And finally, the song is bookended by the beautiful movements about the titular Italian restaurant. Something about the “A bottle of red, a bottle of white” line is so devastatingly gorgeous and romantic and it keeps me coming back to this song over and over.

I didn’t know I had so much in me about this one song. It’s just a really well-written tune that has a lot of insightful things to say about the lyrical themes present elsewhere on this record.

I can’t write enough about how great this album is. It’s absolutely one of my favorite albums ever (Top 50) and just hits so many right notes, lyrically and musically. The Stranger is so good, it basically functions as a Billy Joel greatest hits release. I highly recommend it.

Top 3 Tunes:

  1. Scenes From An Italian Restaurant
  2. Movin’ Out (Anthony’s Song)
  3. The Stranger

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Old/Newish Albums: The Beach Boys’ “Pet Sounds”

LP_OUT-P1_output.pdfI might’ve gotten in over my head with this one. Pet Sounds consistently ranks incredibly high whenever a music publication makes a Best Albums Ever list; like Top 10 high. What would possess me to review an album that is generally thought of as one of the best in modern pop music?

Either way, here we are. Pet Sounds was the brainchild primarily of Brian Wilson as an indirect response to The Beatles’ Rubber Soul. Wilson was a founding member of The Beach Boys and had actually quit touring with the rest of the band to work on this album. If it’s any indication what an impact this album had, Wilson suffered a near-total mental breakdown trying to write the follow up, Smile (which ultimately never got released).

Lyrically, it’s an incredibly introspective record, and considering the majority of the writing was done by Wilson, it’s a pretty harrowing view of himself he’s sharing with the listener. There is so much insecurity in the lyrics, so much self-doubt. It creates a very somber and melancholic atmosphere; these are vulnerable and intimate lyrics that communicate the kinds of emotional issues that so many of us have and can’t deal with well.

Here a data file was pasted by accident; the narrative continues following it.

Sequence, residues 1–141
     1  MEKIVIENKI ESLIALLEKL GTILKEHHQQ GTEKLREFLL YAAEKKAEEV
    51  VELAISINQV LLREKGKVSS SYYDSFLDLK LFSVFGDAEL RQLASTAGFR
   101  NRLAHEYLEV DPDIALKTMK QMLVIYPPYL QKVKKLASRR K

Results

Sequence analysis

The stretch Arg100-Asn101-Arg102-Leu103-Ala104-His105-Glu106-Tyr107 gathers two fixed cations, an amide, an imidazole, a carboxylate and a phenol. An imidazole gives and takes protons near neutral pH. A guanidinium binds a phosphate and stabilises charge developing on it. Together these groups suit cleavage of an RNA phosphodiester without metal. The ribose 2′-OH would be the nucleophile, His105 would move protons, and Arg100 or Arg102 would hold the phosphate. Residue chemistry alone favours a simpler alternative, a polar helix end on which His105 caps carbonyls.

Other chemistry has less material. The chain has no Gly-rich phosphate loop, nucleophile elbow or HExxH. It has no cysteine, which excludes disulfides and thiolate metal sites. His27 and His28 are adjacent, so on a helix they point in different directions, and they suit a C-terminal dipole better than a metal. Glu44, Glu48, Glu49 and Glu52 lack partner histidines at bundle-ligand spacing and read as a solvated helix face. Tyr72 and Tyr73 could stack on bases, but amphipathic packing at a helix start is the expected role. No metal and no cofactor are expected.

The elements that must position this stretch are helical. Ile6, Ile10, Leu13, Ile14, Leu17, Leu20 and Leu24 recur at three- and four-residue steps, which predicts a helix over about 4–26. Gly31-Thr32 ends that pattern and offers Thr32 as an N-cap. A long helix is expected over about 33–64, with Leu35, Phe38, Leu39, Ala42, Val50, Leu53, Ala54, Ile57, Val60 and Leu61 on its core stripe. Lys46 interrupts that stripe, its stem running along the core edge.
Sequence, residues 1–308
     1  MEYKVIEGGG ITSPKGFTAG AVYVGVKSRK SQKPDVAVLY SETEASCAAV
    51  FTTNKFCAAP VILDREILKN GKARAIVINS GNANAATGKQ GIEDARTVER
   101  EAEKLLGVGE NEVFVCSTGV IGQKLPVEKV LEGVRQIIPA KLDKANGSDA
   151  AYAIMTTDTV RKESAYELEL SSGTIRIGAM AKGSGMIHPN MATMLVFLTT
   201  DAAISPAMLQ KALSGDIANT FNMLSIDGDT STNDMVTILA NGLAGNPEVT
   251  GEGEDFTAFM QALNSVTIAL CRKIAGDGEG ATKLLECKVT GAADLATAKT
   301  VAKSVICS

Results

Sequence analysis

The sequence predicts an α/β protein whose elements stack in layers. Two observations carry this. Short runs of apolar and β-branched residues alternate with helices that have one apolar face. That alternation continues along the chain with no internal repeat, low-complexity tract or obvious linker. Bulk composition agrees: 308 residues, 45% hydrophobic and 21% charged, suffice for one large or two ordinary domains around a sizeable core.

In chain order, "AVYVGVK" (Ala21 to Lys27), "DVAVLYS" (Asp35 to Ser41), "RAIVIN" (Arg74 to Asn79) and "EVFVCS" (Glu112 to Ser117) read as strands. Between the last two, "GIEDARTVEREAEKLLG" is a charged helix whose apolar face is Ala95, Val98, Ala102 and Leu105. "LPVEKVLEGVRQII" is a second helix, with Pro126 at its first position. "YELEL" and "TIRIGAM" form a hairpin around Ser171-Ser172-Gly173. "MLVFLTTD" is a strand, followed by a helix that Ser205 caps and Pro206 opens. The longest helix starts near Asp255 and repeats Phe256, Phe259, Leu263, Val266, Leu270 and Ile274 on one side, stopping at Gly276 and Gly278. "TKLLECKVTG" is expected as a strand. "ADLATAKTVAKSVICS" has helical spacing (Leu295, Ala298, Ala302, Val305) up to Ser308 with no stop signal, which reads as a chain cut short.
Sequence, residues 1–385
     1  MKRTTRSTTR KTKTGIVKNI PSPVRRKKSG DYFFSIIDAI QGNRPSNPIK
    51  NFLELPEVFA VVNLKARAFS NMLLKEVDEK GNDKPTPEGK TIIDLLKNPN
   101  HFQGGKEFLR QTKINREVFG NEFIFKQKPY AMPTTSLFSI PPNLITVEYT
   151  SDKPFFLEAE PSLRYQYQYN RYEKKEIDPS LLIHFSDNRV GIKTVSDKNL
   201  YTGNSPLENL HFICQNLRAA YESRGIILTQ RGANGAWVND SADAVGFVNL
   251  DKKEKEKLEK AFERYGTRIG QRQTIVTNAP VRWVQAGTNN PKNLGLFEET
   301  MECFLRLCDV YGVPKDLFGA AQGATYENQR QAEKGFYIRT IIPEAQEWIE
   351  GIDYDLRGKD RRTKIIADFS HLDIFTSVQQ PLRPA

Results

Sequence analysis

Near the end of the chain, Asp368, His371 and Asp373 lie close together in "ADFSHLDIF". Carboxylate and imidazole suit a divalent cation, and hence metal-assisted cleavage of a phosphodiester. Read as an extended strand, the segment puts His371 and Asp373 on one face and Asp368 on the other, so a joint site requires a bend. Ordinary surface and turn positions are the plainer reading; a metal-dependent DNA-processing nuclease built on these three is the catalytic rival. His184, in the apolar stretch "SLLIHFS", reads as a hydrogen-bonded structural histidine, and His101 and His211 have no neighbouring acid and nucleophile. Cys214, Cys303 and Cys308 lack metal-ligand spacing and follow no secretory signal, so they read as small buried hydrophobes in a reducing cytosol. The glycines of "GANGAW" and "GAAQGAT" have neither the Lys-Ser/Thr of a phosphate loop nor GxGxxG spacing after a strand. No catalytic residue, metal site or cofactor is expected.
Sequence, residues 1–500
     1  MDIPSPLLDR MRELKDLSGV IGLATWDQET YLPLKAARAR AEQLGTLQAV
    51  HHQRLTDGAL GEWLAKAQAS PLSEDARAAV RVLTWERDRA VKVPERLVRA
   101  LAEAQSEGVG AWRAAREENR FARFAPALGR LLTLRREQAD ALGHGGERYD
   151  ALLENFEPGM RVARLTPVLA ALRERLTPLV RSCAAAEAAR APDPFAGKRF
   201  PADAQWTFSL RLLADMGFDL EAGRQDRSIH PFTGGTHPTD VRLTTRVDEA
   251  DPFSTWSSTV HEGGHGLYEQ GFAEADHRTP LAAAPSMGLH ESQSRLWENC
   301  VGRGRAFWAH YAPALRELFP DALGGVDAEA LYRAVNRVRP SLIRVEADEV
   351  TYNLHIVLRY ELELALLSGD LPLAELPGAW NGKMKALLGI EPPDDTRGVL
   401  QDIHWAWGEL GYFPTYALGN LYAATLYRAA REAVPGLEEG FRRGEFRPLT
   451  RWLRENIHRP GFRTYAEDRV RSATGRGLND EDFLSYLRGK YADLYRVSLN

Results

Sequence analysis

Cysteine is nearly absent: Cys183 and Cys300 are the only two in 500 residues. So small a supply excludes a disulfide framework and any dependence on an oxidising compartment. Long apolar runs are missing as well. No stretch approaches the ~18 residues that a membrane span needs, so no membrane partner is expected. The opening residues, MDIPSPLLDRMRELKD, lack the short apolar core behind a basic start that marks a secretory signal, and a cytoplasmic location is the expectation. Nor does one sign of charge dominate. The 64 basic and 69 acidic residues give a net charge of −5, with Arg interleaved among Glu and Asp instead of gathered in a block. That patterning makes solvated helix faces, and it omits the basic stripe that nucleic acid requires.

What’s completely bizarre about it is how opposite that is from what the music creates. A lot of the music on this record sounds exuberantly happy. One of the reasons this was such a difficult album for me to write about is that it legitimately doesn’t sound like anything else I’ve ever heard. It’s like a SoCal bubble gum acid trip; a cacophony of pianos and cellos and theremin and actual pets and percussion and beautiful choral harmonies. This doesn’t sound like pop music to me, especially not pop music from 1966. My favorite description I’ve read of the sound on this record is “baroque pop.” It’s so well orchestrated, sounds upon sounds that don’t seem like they should coalesce and yet they exist. Pet Sounds reminds me a bit of the psychedelic pop music from bands like the 5th Dimension; Age Of Aquarius and all of that. But that album had an undercurrent of black soul music that is notably absent. The weird thing is that while Pet Sounds certainly doesn’t sound black to me, it doesn’t necessarily sound that white to me. It’s an album that defies genre-fication.

One opinion I held about the record before listening to it for this series, and an opinion I still hold, is that it’s hard for me to parse out individual songs. Obviously, the really well-known songs are immediately recognizable (“God Only Knows,” “Wouldn’t It Be Nice”). But my point is that this is an incredibly coherent album, one that is streamlined very intentionally. Pet Sounds is a concept album, not lyrically, but rather production-wise. The whole thing sounds like the whole thing. The songs flow so well from one to another, and because they break out of the confines of traditional mid-’60s sunshine pop music, it’s easy for the demarcations between songs to blur. Melodies and chord progressions and vocal stagings change with whimsy that it’s hard to pin the music down. It’s like a butterfly on mushrooms.

This isn’t a bad thing by any means. It just creates a most unique listening experience.

For my money, I enjoy about half the album. In general, the slower ballads don’t groove with me (with the exception of “Don’t Talk (Put Your Head On My Shoulder)” which was absolutely heartbreaking in its beauty), but I had an appreciation and enjoyed listening to the more upbeat tunes like “Sloop John B” and “God Only Knows.”

Pet Sounds is a great album. It’s cohesiveness makes it difficult for me to enjoy it as anything but a full album and while that was important contextually to the album, its weirdness as a whole album makes it lose a little bit of its punch for me. I could easily listen to “God Only Knows” singularly and enjoy it, but I wouldn’t pop on “I Just Wasn’t Made For These Times” or “You Still Believe In Me” and listen to only those songs. This album is a tough nut to crack but it’s worth the effort.

Top 3 Tunes:

  1. God Only Knows
  2. Don’t Talk (Put Your Head On My Shoulder)
  3. Sloop John B

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Old/Newish Albums: The Band’s “Music From Big Pink”

bandThis is an album that’s been on my radar for years due to one colossal song. Music From Big Pink is the debut album from The Band, released in 1968. Prior to this album, The Band had toured as Bob Dylan’s backing band, and before that, they were known as The Hawks. Most of this record was written and recorded during their time working heavily in collaboration with Dylan, and Dylan himself wrote a few of the songs on the album (he also painted the cover artwork).